Fifteen Design Books to Read—and Give—This Year
Nov 24, 2020 | By: LX Collection
It may seem as though the books are getting much, much heavier and more sumptuous as the days grow shorter: the holiday season offers a wealth of coffee table books for those inclined toward great architecture, inspiring homes, and urban adventure. Here, following our list of must-read design books from the fall, are some of the best design books of the year.
Gaudi: The Complete Works by Rainer Zerbst
Decades before modern designers like Frank Lloyd Wright changed ideas of what was architecturally possible, Catalonian visionary Antoni Gaudí created visual poetry from stone and scaffolding. The eye-poppingly gorgeous mural work and soaring, organic shapes of his turn-of-the-20th-century projects, such as Park Güell and the still-in-progress Sagrada Familia in Barcelona, would be considered fantastical even if proposed today. With expert analysis, brand-new photography, and a complete overview of Gaudí’s oeuvre, Rainer Zerbst offers a fitting showcase for a truly singular talent.
Atlas of Brutalist Architecture by Phaidon Editors
No architectural movement of the last century has broken the mold more than these eccentric visions formed from poured-in-place concrete. Derived from the French term “beton brut” for raw concrete, Brutalism, known for its big, blocky, modern buildings, was a favorite of many midcentury architects seeking flexibility and affordability. This fittingly hefty book, collecting hundreds of examples of schools, monuments, and thrilling residential designs from around the globe, documents just how eclectic Brutalism became. Both reviled and rediscovered of late, this style deserves its all-encompassing aesthetic travelogue.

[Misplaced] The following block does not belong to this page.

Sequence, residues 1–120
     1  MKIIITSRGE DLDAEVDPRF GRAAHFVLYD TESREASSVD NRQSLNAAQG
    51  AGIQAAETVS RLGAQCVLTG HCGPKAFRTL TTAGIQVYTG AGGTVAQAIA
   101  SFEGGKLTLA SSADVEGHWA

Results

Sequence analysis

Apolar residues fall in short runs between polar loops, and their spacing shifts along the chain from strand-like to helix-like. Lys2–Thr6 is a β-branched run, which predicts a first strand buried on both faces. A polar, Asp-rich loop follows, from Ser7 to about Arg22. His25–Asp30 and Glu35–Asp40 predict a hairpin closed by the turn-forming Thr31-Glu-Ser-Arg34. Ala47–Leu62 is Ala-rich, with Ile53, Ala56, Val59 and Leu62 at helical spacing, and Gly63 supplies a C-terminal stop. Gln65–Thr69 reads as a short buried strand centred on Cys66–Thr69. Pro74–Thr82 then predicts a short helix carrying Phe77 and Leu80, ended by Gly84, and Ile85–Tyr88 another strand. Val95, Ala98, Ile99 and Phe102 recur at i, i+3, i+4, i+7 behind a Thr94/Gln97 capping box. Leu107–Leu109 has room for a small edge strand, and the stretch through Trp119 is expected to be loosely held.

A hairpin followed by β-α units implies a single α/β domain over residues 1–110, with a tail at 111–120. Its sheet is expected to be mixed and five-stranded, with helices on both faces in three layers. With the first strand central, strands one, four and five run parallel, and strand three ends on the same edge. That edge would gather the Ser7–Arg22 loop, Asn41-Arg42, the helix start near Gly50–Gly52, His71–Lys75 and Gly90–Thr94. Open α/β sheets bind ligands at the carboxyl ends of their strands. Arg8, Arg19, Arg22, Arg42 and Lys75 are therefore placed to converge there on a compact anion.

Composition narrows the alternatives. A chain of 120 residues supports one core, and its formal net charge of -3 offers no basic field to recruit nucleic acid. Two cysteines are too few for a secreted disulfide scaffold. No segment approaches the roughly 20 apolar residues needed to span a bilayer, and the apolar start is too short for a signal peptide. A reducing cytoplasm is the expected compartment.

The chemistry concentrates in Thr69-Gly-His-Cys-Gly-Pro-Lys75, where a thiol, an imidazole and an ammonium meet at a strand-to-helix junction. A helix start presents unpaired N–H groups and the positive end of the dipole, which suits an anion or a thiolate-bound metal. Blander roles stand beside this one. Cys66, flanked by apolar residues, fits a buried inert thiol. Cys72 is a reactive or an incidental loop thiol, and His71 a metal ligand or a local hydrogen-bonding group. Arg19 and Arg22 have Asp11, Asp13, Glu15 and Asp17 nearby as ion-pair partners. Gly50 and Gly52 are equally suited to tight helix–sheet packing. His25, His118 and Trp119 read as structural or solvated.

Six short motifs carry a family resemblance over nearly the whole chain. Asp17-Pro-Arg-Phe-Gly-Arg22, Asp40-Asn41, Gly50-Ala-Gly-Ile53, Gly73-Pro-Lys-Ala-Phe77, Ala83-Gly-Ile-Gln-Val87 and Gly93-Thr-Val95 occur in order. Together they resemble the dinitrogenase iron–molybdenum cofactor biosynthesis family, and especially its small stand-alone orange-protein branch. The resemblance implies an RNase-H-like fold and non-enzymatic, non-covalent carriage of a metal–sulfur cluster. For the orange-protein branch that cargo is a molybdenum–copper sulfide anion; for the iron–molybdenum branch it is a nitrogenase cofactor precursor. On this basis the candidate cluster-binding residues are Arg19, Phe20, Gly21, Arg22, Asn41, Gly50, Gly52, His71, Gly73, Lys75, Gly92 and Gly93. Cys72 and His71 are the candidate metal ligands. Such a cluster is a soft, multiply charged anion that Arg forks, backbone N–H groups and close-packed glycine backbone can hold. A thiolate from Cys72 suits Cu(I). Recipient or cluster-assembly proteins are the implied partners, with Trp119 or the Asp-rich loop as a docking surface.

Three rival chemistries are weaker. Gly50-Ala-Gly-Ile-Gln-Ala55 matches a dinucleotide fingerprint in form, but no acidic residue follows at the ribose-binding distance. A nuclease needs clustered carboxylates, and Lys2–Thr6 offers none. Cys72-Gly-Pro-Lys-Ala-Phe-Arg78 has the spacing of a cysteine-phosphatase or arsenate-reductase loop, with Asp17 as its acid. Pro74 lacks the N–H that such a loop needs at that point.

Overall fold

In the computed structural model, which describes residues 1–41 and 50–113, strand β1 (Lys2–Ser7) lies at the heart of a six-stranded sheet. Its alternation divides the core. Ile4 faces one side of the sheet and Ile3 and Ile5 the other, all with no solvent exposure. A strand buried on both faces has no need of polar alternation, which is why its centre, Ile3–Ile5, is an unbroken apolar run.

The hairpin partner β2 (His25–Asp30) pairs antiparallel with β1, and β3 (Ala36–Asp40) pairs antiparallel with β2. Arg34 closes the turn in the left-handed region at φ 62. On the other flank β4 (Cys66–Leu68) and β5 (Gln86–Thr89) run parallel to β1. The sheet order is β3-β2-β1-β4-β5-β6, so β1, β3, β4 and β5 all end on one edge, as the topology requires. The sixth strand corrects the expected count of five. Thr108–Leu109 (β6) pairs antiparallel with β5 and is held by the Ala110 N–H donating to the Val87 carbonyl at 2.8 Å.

Anni & Josef Albers by Nicholas Fox Weber
The relationship between Josef and Anni Albers was one of the most important to come out of the modernist movement. The couple met in Germany at the Bauhaus, a crucible of 20th-century design, later emigrating to the US to work and teach at Black Mountain College and then Yale while refining their textile work, painting, weaving, and contributions to art theory. This visual biography traces their passions.